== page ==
Seeing the wood and the trees: a complicating history of Hitler’s Oaks
It’s a summer morning in the wounded city of Berlin. Having heard conflicting stories of the Olympic oak seedlings that may have been planted at the stadium grounds, I catch the U-Bahn to Olympic Stadium. Among those rumoured to have planted oak seedlings here are a German weight lifter, members of the German Men’s Handball Team, and the American track and field athlete Jesse Owens. Reviewing emails from the stadium’s Sports Museum hasn’t helped locate these trees, so I am reduced to literally scanning the huge Reichssportfeld and the lanes around the stadium, including Jesse Owens Avenue, for a significant or marked oak tree; for some kind of sign.
It is ironic that after locating and photographing many of these now fully grown oaks in obscure corners of Europe, from scant and poorly translated information, here in my temporary home of Berlin I fail miserably. Instead, I find hundreds of oaks, around the same age as those I have pursued all over Europe; I am literally in a forest of oaks. Scanning the trees for possible metadata in the form of plaques or signage, it becomes apparent that I have fallen victim to the old adage—I can’t see the wood I am seeking, because of the trees.
In 2011, I embarked on a research trip to photograph a series of oak trees originally given as seedlings to Gold medal Olympians at the 1936 games in Berlin. Now geographically dispersed – one, crucially, to my hometown in New Zealand – I have focused on locating those that found their homes in Europe and parts of North America. The images of these trees can be read as an archive, one that is knowingly incomplete.
The story of my attempts to locate and document a comprehensive ‘set’ of trees is important in that it demonstrates the compromised and challenged nature of any effort to make an archive complete. In my artistic practice, my impulse is to incorporate this incompleteness, exploring—as many artists have before me—the idea of reading an archive somehow “against the grain”; in this case, against the idea of its completeness or totality.1 In the instance of these ‘Hitler Oaks’, I wanted to take this idea further; to incorporate conflicting elements that are in a continual process of being overturned.
Counter point one – The Olympic Games
In 1936, it was reportedly a botanic nursery in Berlin that conceived of the idea to gift oak tree seedlings to every gold medallist at the “Nazi Stained” Berlin Olympics.2 Predictably, Germany’s Führer Adolph Hitler embraced this idea; the seeds would not only be a gift from the German people, but would enhance the function of his Olympics propaganda machine, whose roots were firmly entwined in the National Socialist motto “blut unt boden” or “blood and soil”. The oak was an ideal symbol for National Socialist appropriation, aligning with the Nazi’s fondness for sylvan landscape backdrops, forest symbolism and Casper David Friedreich’s paintings.3 Additionally, it was already linked to the party’s controversial status as an early proponent of what we now call the green movement.4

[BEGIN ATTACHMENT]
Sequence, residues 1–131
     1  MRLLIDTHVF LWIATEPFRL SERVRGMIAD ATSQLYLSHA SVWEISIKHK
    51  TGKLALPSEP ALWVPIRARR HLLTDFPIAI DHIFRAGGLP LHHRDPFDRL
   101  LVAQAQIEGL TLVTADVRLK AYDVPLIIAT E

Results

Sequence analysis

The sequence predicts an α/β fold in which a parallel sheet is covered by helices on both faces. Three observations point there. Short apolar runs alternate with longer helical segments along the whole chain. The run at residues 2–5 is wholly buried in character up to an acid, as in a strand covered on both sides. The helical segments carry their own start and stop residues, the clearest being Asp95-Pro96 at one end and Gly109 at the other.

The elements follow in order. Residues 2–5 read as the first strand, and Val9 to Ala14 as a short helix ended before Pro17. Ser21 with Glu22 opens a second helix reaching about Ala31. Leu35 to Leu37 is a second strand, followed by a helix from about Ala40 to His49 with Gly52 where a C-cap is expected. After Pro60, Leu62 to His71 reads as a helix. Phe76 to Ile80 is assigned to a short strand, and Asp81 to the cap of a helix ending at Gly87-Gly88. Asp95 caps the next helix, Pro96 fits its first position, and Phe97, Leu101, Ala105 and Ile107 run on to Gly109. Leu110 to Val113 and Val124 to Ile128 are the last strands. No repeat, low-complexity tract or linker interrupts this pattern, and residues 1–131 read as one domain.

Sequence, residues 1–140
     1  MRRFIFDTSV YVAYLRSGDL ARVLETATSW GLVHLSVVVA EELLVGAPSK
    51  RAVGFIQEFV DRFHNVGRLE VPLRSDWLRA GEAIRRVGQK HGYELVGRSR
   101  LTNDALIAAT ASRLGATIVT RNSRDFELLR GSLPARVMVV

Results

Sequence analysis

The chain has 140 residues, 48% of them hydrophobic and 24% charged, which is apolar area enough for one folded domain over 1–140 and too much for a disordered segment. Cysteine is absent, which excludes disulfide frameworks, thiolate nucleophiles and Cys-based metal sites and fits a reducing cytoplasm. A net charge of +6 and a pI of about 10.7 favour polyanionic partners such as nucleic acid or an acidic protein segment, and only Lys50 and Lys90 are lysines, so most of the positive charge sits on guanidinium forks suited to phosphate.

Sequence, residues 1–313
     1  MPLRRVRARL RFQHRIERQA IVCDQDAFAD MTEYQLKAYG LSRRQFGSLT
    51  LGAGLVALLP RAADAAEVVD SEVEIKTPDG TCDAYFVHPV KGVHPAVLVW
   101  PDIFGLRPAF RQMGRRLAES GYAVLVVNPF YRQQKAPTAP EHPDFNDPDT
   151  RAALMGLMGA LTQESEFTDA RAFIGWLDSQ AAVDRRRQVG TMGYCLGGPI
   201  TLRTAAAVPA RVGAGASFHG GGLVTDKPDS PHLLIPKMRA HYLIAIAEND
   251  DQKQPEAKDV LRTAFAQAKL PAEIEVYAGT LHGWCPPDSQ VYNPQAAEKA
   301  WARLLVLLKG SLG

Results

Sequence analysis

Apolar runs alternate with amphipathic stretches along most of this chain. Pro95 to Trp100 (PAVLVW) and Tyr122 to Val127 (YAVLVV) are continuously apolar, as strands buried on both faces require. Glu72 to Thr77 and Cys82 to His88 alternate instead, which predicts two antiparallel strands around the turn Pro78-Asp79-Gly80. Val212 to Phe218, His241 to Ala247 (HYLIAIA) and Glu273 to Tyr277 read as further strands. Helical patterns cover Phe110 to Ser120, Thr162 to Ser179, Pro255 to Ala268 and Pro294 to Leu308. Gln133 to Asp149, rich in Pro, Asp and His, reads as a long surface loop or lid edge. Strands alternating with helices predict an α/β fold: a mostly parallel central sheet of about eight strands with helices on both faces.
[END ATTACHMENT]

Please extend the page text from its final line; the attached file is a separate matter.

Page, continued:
The spectacular site of the Olympics has long been controversial as a political showcase for the dominance of nations; indeed, an Olympic truce was enacted at ancient games, allowing athletes to travel safely to and from the games in times of conflict.5 Many protested their country’s participation in the 1936 games; one American, and member of the Olympic Committee, Ernst Lee Jahncke, was even expelled after speaking out publicly.6 The alternative Peoples’ Olympiad in Barcelona, although it never went ahead, gained the support of many athletes. Within Germany, John Heartfield’s collage images are key examples of protest against Hitler’s regime and against the hosting of the Olympics in Berlin.7
Grown in the northern German district of Elba, the Olympic seedlings were about one year old when presented on the dais, nestled in terracotta earthenware pots and inscribed with another German symbol that had been appropriated by the Nazis, the poor eagle – on this occasion depicted with its talons tangled in the Olympic rings. Images of the tense moments of the salute as athletes were handed their fledgling seedlings are now readily accessible, made by Leni Riefenstahl and her team.
Urban myths surround the status of the oak tree seedlings, and in informal contexts they are often referred to as ‘Hitler Oaks’. In civic and formal situations, however, the trees are almost without exception referred to as ‘Olympic Oaks’.8 Various and conflicting accounts exist as to whether Hitler actually presented the trees to winning athletes himself; most seem to agree that after the first day of the games he refrained from personally congratulating athletes because of an ultimatum he received from the Olympic Committee to congratulate everyone or no-one.9 The question of the first day’s presentations and whether Hitler presented all the oaks on that day remains unresolved, but at least one guardian is adamant that the tree he looked after was given by Hitler himself.10
Many of the 130 seedlings presented at the games are no longer locatable. During the 1990s US writer James Constandt attempted to comprehensively catalogue them, sending letters to cities across the globe; however I came to know about these oaks in a different way, as one grows in my hometown, in the grounds of Timaru Boys’ High School.11 This seedling was presented to Jack Lovelock, a national hero and Timaru Boys old-boy, who not only won the 1500-metre running event, but also set a new world record. The numerous biographies, plays, and novels that have been written about Lovelock narrate the impact of the 1936 games and his attitude to them along divergent lines. Some speculated on his complete focus on sport over politics, and others on his experience of Europe during this time and the effect it had on him.12
Seemingly oblivious to its history and status, Lovelock’s statuesque 80-year-old oak tree stands defiant as a great living thing—symbolic of and an index to a complex set of geopolitical and historical turns. Since photographing the Lovelock tree in early 2005, it has become central to my project. The forty-odd trees I have subsequently photographed make up the ongoing series I have titled in a forest.